On August 22, 2006, the JCB DIESELMAX set a new land speed record for diesel-powered vehicles with a speed of 328.767 mph at the Bonneville Salt Flats, Utah. Powered by two state-of-the-art JCB444-LSR engines developed by Ricardo, the JCB DIESELMAX beat the existing record by almost 100 mph. The race car was powered by two JCB444-LSR engines with two-stage inter-cooled turbo-charging, high pressure fuel injection and a low compression ratio, low temperature combustion system. All of these technologies are being developed by Ricardo for application on the high performance, ultra-low Tier II emissions diesel vehicles of the future.
Electric Cars are Best
Long term, the best powertrain choice in my opinion is a pure electric vehicle. Electric vehicles are environmentally clean, quiet and energy efficient. Fuel costs are potentially equivalent to over 100 mpg at today’s energy prices. If charged by electricity from cheap wind, hydroelectric or nuclear power sources, the economics make even more sense.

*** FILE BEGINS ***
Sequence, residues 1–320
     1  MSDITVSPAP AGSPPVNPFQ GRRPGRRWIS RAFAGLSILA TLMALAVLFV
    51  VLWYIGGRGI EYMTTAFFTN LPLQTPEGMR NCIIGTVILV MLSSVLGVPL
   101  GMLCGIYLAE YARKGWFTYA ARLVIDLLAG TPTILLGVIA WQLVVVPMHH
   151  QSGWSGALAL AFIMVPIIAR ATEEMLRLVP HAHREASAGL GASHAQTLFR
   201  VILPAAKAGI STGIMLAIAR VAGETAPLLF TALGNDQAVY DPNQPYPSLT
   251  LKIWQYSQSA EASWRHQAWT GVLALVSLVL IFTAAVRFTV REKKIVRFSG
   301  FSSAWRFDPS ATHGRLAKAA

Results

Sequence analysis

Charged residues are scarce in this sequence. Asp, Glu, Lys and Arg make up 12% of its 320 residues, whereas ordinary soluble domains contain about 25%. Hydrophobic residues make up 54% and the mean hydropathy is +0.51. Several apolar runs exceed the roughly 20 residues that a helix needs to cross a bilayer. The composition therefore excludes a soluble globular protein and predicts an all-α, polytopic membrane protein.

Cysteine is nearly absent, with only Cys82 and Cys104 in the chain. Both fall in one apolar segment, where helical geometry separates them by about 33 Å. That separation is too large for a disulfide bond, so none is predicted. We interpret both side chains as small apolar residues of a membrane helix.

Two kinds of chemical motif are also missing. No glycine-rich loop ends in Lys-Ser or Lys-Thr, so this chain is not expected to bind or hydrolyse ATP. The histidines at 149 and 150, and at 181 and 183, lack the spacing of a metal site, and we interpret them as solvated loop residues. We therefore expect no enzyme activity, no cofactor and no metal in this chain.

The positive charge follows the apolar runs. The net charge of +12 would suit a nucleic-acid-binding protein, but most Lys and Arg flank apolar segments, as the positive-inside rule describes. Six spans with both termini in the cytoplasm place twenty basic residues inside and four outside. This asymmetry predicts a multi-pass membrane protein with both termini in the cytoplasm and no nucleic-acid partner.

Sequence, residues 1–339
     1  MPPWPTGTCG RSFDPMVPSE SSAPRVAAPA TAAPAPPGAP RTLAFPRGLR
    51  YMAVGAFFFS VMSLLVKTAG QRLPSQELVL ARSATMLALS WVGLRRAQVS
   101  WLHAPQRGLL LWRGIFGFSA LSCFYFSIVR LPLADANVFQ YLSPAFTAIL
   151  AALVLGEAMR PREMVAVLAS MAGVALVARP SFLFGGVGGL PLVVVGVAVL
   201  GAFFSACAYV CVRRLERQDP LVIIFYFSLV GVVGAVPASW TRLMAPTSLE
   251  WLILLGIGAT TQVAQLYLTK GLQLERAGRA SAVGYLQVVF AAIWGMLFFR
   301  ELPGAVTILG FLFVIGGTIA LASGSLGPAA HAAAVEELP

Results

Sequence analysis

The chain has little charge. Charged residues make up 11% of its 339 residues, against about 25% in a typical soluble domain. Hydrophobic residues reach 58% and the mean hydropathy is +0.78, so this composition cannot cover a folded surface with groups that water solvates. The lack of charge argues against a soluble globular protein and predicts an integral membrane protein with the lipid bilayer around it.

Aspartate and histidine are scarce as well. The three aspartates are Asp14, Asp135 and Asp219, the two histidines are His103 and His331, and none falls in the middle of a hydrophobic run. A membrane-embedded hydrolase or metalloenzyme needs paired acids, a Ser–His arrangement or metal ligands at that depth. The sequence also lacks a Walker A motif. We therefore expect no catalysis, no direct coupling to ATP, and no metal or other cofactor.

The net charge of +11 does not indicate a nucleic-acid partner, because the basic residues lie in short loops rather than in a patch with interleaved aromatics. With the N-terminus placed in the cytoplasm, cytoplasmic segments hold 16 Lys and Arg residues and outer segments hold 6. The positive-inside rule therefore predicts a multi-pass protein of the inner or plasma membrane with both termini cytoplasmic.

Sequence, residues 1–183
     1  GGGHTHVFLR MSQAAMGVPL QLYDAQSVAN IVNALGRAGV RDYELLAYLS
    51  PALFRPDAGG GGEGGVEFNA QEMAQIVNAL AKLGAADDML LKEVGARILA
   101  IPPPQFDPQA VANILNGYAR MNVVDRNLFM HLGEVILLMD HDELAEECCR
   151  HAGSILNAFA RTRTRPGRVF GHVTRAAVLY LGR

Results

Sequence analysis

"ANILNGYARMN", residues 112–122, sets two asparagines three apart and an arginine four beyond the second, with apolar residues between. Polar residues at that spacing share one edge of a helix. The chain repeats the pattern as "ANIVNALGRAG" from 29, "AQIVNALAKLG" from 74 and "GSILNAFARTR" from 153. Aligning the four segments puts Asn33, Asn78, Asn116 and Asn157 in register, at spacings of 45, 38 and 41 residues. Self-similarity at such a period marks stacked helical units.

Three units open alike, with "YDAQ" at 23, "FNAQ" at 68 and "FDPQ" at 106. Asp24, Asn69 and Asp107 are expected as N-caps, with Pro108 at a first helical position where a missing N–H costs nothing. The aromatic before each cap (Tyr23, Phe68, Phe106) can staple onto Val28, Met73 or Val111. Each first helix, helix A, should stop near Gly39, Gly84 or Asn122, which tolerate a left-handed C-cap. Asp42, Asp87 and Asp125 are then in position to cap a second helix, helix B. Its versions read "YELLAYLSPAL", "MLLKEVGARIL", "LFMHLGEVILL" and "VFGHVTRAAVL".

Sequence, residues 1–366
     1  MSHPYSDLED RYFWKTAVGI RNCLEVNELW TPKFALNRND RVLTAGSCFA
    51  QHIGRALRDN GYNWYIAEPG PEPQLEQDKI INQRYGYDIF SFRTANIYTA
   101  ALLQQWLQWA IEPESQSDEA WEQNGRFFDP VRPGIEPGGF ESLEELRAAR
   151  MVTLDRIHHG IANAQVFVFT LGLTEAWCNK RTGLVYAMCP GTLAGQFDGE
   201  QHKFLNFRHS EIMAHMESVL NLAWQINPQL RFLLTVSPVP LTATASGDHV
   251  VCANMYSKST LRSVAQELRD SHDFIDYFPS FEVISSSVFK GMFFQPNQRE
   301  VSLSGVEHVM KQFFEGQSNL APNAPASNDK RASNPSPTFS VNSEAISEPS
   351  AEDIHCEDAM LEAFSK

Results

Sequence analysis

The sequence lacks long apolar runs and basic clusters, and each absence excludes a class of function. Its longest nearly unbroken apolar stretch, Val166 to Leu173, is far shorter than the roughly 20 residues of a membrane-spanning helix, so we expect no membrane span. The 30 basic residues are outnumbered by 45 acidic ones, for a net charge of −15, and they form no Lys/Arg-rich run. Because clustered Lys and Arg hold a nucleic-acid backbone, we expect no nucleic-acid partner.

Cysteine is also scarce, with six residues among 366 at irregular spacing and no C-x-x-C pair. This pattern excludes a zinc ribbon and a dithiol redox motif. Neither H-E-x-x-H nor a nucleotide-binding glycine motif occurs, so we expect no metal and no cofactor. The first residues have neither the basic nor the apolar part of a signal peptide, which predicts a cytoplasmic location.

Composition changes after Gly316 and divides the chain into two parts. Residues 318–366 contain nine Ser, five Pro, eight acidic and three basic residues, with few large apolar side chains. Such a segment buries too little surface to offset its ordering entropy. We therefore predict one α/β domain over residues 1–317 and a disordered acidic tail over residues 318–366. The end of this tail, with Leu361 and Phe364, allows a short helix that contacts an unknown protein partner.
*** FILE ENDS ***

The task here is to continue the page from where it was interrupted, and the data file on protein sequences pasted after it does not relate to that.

The battery technology isn’t quite there yet for a do-everything electric car, but ni-cad and lithium ion batteries are more than adequate for urban commuting, which satisfies the needs of about 90% of the population today. The problem is getting the major auto makers to commit to electric cars.
It’s no secret that car makers do NOT want to build electric cars. Why? Because electric cars are not profitable (at least not yet). Development costs are high, battery technology is still iffy, and the domestic car companies are heavily invested in internal combustion engine technology and production tooling. They would much rather sell us accessory laden SUVs and luxury cars than small fuel efficient vehicles regardless of what kind of power system is under the hood.
The domestic car companies cite all kinds of statistics that claim nobody wants electric cars, nobody would drive them if they were available other than wealthy left wing liberal Hollywood celebrities, and they would be too expensive for the average schmuck. Proponents of electric cars say the cars make perfect sense, that people would be standing in line to buy them if they were readily available, and that electric cars could be both affordable and practical if mass produced by major auto makers. I agree.